In the 1987 comedy, Planes, Trains, and Automobiles, stressed marketing executive, Neal Page (Steve Martin), is reluctantly trapped in a shared hotel room with an optimistic and talkative curtain-ring salesman, Del Griffith (John Candy). Del mindlessly can’t stop talking about the mundane and boring details of his life. Eventually Neal loses his cool. After a long tirade, he shouts, “And here’s another thing: Have a point! It makes it so much more interesting for the listener.” Continue reading “Purpose, relevancy, and ideas”
In the Argument Clinic, a sketch from Monty Python’s Flying Circus, an absurdist comedy series, a man pays for a five-minute argument. The customer goes to a room where a man behind a desk hurls abuse at him. The customer interrupts saying he paid for a five-minute argument, and this is not an argument. The abuse hurler apologizes explaining this is Abuse, Argument is next door. Continue reading “The art of persuasion 2: How to argue”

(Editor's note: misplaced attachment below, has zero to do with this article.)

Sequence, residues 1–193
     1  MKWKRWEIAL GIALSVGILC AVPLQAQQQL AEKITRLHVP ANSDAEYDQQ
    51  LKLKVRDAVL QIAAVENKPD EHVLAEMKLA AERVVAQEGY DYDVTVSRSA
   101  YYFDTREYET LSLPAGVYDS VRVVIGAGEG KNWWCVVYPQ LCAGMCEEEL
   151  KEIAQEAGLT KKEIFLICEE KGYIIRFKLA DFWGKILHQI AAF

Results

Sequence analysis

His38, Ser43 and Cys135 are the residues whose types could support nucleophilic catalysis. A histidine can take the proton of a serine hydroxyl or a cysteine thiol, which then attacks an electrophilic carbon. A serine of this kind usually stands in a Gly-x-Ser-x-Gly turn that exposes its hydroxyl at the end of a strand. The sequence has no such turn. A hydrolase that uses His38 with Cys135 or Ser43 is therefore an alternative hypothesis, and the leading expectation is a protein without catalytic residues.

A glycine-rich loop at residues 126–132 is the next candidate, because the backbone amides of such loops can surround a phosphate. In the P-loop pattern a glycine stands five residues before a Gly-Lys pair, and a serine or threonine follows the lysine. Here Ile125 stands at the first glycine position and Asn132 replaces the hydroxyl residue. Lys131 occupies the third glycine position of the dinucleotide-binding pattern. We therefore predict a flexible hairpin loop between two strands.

George Orwell once wrote that a classical education would be impossible without corporal punishment. Maybe that’s why it isn’t taught in school today. A classical education was demanding. It included rhetoric: the art of effective speaking and writing.
Why should readers read your book? Every business book has a value proposition. Writing a one-sentence reply will help clarify your thinking. Most of us form opinions quickly. And this is true when it comes to business book titles and introductions. First impressions count.
Any style guide’s purpose is to make writing understandable—with the possible exception of academic writing. Style Guide by The Economist offers sound advice for business writers, particularly for people writing articles. Continue reading “Style Guide”